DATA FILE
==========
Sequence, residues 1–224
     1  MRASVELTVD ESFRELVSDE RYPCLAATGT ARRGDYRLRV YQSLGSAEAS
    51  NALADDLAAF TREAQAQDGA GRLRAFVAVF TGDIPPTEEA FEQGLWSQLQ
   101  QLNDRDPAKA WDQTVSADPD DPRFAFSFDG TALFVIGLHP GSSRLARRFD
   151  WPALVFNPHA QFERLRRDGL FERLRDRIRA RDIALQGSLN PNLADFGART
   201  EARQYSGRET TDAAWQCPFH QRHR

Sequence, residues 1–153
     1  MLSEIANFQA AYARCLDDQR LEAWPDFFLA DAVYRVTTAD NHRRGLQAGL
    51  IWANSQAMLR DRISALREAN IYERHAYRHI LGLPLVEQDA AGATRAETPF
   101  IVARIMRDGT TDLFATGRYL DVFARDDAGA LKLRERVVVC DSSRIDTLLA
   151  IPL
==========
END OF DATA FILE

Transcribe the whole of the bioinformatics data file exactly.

Sequence, residues 1–224
     1  MRASVELTVD ESFRELVSDE RYPCLAATGT ARRGDYRLRV YQSLGSAEAS
    51  NALADDLAAF TREAQAQDGA GRLRAFVAVF TGDIPPTEEA FEQGLWSQLQ
   101  QLNDRDPAKA WDQTVSADPD DPRFAFSFDG TALFVIGLHP GSSRLARRFD
   151  WPALVFNPHA QFERLRRDGL FERLRDRIRA RDIALQGSLN PNLADFGART
   201  EARQYSGRET TDAAWQCPFH QRHR

Sequence, residues 1–153
     1  MLSEIANFQA AYARCLDDQR LEAWPDFFLA DAVYRVTTAD NHRRGLQAGL
    51  IWANSQAMLR DRISALREAN IYERHAYRHI LGLPLVEQDA AGATRAETPF
   101  IVARIMRDGT TDLFATGRYL DVFARDDAGA LKLRERVVVC DSSRIDTLLA
   151  IPL